verifiable information (instead of facts. this information can be corroborated or proven true.)
inferences (instead of opinions. these are conclusions based on evidence and/or reasoning.)
judgments (are sensible conclusions or evaluations that are personal opinions.)
Example: My mom’s birthday is on Friday (verifiable information). She loved the cookies I made her last year (judgment). This year I’ll surprise her with dinner at 6pm, because she usually gets home from work at that time (inference).
I recently attended the Wisconsin State Reading Association in Milwaukee. I had such a great time meeting wonderful educators and literary heroes. At the end of the first day, there was an awards ceremony for the important, influential people that help promote high literacy standards in Wisconsin. One story brought me to tears. A school bus driver started a program on his bus called “Books for the Bus.” He brought in his daughter’s outgrown books and shared them with the students on their hour commute to and from school. He told them if they liked the book, they could keep it, and if they wanted to donate, they could bring their book to share on the bus. The idea was a hit, and soon spread to all of the busses in that school district. I was so touched! You can read more about this heart-warming story by clicking here.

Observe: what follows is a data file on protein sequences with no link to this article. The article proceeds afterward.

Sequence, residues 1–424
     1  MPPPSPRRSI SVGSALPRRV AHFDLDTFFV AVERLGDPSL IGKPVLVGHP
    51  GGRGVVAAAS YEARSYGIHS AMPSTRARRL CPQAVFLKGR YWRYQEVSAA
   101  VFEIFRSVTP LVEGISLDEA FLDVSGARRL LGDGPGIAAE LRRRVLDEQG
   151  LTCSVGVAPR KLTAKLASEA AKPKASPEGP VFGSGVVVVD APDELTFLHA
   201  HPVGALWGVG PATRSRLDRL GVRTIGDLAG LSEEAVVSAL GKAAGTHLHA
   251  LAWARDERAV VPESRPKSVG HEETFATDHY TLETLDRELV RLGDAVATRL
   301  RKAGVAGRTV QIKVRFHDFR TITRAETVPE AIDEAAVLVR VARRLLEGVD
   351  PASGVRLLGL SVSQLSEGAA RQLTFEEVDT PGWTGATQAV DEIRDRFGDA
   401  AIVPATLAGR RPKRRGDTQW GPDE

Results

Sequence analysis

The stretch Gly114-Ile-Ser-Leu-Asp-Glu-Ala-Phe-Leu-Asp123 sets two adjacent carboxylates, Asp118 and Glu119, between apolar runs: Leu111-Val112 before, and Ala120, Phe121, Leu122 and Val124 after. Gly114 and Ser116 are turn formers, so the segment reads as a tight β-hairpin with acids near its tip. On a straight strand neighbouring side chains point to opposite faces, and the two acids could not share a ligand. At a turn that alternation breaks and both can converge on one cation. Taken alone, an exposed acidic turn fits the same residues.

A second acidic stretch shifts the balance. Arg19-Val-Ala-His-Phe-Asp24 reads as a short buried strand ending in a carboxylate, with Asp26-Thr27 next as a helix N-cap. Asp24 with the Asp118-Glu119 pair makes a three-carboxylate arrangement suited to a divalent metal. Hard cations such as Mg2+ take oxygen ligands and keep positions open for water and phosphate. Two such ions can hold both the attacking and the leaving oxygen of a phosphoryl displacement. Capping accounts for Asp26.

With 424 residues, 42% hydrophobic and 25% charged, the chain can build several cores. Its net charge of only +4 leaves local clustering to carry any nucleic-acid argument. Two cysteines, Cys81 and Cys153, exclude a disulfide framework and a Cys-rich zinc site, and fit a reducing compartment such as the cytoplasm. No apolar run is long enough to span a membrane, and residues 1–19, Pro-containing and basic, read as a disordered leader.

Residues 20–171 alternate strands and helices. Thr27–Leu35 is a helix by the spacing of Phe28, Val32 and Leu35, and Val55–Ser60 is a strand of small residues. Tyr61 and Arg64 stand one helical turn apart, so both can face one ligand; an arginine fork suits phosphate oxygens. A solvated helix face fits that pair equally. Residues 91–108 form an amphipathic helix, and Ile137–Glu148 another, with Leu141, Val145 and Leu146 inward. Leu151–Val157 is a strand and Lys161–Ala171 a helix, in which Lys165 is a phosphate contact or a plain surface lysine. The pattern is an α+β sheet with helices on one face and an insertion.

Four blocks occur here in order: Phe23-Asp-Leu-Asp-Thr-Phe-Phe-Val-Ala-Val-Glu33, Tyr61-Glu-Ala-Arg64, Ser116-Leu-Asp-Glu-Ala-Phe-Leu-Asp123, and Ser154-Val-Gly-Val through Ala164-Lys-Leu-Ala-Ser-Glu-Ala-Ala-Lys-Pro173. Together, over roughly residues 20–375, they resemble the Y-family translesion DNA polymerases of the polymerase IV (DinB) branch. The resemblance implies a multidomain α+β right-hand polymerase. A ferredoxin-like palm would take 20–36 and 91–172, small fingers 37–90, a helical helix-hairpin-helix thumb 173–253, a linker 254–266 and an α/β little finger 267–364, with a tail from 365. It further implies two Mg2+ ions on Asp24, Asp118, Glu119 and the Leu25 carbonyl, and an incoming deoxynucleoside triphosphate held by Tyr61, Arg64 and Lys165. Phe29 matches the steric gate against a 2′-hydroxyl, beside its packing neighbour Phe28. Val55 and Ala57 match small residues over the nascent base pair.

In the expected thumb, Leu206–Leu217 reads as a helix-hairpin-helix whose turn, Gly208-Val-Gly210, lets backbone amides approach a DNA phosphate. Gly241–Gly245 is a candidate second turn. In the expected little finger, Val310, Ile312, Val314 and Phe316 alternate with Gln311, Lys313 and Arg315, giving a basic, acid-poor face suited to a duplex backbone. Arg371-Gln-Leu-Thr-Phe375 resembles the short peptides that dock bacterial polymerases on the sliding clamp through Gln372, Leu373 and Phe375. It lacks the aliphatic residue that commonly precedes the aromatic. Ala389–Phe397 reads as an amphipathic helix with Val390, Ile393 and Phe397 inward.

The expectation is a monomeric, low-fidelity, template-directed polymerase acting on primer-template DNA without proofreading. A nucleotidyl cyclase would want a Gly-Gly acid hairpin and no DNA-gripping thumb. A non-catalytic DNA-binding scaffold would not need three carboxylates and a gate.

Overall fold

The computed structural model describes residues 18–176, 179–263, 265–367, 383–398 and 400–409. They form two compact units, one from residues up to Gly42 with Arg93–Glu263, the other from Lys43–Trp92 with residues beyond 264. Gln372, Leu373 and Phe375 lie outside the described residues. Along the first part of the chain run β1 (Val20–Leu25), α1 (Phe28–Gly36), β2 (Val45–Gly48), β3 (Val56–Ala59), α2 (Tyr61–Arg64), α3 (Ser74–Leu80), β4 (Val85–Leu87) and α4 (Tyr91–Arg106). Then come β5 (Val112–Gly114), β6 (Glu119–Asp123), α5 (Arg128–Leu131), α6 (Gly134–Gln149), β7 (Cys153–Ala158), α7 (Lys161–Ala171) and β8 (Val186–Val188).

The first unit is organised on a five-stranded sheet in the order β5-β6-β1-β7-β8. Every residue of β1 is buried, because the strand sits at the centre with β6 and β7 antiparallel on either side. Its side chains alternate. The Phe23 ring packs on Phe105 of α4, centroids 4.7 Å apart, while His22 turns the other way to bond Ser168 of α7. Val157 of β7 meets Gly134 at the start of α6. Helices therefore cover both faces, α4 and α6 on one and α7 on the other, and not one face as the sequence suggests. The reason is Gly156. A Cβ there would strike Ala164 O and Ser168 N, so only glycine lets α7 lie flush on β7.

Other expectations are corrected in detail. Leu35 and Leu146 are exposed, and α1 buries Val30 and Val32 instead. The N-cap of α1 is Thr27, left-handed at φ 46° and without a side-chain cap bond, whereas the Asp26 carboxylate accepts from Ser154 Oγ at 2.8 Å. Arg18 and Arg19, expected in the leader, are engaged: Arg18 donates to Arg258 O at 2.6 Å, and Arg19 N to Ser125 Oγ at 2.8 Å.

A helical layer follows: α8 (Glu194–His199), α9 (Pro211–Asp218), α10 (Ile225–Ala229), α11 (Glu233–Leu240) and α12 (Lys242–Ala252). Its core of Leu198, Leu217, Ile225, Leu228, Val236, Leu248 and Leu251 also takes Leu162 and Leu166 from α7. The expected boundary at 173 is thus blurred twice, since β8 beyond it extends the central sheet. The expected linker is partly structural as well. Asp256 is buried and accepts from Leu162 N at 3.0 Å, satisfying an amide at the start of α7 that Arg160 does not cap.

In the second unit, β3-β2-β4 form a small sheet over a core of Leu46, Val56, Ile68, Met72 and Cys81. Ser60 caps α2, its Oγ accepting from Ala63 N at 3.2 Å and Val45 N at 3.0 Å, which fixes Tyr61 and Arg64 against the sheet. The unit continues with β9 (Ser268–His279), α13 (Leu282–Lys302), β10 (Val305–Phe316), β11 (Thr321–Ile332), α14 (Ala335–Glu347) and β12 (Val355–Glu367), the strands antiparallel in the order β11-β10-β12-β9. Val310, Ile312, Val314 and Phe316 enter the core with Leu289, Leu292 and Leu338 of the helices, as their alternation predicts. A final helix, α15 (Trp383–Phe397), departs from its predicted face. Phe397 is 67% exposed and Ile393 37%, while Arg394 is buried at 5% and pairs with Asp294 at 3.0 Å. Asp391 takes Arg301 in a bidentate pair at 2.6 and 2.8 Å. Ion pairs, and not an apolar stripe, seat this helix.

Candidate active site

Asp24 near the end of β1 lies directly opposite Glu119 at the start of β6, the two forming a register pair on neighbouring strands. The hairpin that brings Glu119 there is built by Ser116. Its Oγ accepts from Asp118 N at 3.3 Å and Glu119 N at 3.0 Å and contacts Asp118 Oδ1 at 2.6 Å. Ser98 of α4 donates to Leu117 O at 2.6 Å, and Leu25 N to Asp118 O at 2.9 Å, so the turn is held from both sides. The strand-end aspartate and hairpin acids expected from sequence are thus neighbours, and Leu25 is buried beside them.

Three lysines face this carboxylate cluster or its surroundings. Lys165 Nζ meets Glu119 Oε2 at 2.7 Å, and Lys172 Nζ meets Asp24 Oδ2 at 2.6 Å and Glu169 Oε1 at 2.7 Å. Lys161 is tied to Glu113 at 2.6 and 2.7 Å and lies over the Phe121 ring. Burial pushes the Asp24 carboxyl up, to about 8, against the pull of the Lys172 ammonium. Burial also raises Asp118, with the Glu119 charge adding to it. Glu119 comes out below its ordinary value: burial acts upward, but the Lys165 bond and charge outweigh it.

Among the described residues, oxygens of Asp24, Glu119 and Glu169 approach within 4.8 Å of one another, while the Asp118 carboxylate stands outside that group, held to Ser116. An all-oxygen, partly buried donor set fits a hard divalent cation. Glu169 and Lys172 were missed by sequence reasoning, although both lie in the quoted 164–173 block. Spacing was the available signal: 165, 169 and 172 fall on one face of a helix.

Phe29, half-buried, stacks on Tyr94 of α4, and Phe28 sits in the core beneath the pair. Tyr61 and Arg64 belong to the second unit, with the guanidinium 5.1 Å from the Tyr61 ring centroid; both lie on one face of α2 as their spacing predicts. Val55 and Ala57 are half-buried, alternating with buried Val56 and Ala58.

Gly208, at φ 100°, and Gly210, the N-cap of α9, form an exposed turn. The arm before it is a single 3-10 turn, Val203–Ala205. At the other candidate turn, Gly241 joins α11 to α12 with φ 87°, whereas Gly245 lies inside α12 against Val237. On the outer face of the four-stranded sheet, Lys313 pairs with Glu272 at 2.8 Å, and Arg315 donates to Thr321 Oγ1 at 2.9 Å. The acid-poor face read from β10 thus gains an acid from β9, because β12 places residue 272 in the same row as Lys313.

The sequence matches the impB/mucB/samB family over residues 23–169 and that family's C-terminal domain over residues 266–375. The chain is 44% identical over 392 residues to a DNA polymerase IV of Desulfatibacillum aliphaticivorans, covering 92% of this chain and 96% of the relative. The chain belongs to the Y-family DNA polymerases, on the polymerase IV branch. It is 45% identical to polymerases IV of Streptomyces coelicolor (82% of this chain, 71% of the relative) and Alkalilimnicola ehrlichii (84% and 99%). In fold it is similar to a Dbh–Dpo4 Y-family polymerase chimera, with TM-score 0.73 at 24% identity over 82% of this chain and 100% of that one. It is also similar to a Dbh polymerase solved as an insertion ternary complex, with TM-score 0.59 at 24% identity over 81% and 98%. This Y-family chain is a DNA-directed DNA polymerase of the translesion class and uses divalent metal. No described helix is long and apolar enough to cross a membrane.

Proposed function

I was also there to celebrate my friend and colleague, Lynda, who received the “Friends of Literacy” lifetime achievement award. She is completing her doctorate (her topic is helping teachers use rubrics to evaluate iPad apps for the classroom), she is a professor, she is an amazing cheerleader and supporter, and an all-around amazing person who can make friends with anyone, anywhere.
I met other important legislators, authors, professors, student teachers, and inspiring educators. Everyone I met was passionate about literacy and student learning. I remember thinking to myself, “These. These are my people.” I can’t wait for WSRA 2015!